UPDATE (1/15/2020) – Robert Liddiard was found not guilty by reason of insanity and will spend the rest of his life at the Utah State Hospital.
SALT LAKE CITY (ABC4 Utah) – My brother is not well. That’s what Julie Brinkley claimed about her brother.
In 2017, her brother, Robert Liddiard was arrested for murdering his parents at their Holladay home.
He is facing two counts of aggravated murder but a competency has kept him in the state hospital.
Brinkley is in support of possible legislation that would create a defense for the mentally ill.
“When Rob committed this crime against our parents we kind of felt like we thought we had lost three people instead of two,” said Brinkley. “And that was heartbreaking for us.”
Back in 2017, the neighborhood saw police lights on their street near Kelly Lane in Holladay.
State lawmaker Carol Spackman Moss knew the family well.
“We were all in shock,” said Spackman Moss. “It traumatized the kids in the neighborhood, the teenagers.”
Their neighbor’s son Robert Liddiard was taking care of his elderly parents. But family members knew he had not been well for some time.
“When he committed his crime, he did it because he had a mental break because he had gone off his medication,” said Brinkley.
She said when her brother was jailed he didn’t receive any of his medications and his mental state worsened. After he was charged, his mental state became an issue and was committed to the state hospital in hopes of reversing that.
“His mind was not functioning well and he was placed in the mental hospital and the difference has been amazing,” said Brinkley.
The care at the state hospital has made Brinkley a believer in keeping the mentally ill there and not in a jail or prison.
That’s why she wants Utah’s law dealing with the mentally ill changed. Currently, they can be charged and once their mental health is restored they can be prosecuted.
“I would worry about what would happen to him,” she said. “I would worry that he wouldn’t get the medications that he needed or the treatment that he needed.”
Neighbor Spackman Moss is now championing that cause and seeking to change Utah’s law dealing with the mentally ill.
She said under current law, people like Liddiard can be sent to prison once his health is restored and he is found guilty.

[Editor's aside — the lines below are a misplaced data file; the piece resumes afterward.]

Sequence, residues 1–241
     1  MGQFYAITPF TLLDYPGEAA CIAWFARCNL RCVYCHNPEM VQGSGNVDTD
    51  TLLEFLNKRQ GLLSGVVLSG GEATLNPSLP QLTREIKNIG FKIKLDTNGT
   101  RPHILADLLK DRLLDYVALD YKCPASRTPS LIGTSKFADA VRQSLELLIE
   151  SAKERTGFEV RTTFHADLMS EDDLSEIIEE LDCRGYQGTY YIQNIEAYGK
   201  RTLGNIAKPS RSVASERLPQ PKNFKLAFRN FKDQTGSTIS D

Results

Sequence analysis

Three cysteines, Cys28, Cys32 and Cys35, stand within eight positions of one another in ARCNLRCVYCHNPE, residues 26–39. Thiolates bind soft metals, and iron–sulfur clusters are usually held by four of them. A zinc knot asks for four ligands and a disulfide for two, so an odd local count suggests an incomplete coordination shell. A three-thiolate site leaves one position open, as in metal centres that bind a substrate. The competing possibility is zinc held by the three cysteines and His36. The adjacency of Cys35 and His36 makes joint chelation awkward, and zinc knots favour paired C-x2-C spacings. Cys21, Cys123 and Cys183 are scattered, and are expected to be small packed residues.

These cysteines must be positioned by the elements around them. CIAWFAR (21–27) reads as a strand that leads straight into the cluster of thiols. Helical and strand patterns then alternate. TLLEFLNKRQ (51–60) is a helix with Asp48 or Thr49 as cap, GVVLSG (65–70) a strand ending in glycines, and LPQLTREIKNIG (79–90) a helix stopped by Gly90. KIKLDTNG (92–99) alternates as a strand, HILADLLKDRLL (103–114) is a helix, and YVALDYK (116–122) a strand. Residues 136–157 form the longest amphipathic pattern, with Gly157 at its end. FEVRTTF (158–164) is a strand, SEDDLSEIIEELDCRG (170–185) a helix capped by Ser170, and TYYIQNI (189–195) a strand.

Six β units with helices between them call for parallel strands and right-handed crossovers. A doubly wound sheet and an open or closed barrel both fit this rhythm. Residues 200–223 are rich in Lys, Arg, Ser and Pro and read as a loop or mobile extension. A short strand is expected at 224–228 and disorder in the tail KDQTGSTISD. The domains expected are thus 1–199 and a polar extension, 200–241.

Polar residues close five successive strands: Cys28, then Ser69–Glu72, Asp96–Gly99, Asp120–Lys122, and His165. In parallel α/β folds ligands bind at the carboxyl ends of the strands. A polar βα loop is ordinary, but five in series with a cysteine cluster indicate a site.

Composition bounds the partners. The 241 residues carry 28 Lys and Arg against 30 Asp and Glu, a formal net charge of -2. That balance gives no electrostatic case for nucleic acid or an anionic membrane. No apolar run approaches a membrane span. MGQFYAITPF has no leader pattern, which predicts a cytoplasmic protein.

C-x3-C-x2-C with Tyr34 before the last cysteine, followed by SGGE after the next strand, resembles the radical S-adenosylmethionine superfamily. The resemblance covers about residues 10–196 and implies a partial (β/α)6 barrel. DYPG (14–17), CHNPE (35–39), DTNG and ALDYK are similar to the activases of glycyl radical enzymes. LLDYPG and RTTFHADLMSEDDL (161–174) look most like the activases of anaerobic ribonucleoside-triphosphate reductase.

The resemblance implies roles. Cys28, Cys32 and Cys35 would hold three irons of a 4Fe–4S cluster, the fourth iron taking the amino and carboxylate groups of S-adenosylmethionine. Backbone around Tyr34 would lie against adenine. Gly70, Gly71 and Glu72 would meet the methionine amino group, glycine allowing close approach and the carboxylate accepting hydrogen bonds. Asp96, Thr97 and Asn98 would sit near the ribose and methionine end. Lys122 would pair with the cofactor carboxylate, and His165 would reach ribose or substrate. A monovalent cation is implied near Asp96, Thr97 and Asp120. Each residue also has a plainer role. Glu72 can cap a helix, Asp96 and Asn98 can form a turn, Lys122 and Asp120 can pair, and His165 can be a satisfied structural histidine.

“A true insanity defense would look at the mental state of the defendant and whether he or she actually knew what they did was wrong,” said the Holladay lawmaker. “It’s our contention that he didn’t know what he had done.”
She said someone who is mentally ill should be treated at the state hospital.
Spackman Moss is preparing legislation for the upcoming session that would allow a defendant to plead not guilty by reason of insanity.
Monday, the U.S. Supreme court heard this very same issue involving a case in Kansas. Utah joins Kansas, Idaho, and Montana as the only states in the nation that lack an insanity defense.
But whatever action the legislature takes, Salt Lake’s district attorney said funding is important.
“If we are going to put a band-aid because we are going from one methodology to another without funding it, without increasing our bed space, I would not support it,” said Sim Gill.
A former Utah County attorney testified before the House Judiciary Committee earlier this year and opposed the change.
“This not a minor change to the law this is a (big) change in the way we deal with the mentally ill and are accused of committing what are normally the most heinous offenses that we deal with as prosecutors,” said Jeff Buhmin. “My request is that we slow down.”
William Haynes with the Utah Attorney General’s office also opposes the bill. He said Ron Lafferty who is on death row could easily argue this defense and avoid the death penalty.
“He could argue mental illness and argue this defense,” said Haynes.
Until the legislature the U.S. Supreme Court decides the direction of the mentally ill in criminal cases, Liddiard will remain in the state hospital. Brinkley said he calls her brother on occasion.
“He’s got the realization of what he’s done now and he feels very sorrowful for it,” said Brinkley. “While he feels sorrowful for it, I don’t believe he entirely understands all the ramifications of the actions that he has taken.”
Brinkley said she doesn’t want this kind of law to release the mentally ill from the state hospital and back into neighborhoods.
“My brother needs to stay in the state hospital for the rest of his life,” she said. “It’s best for our community and best for our family.”
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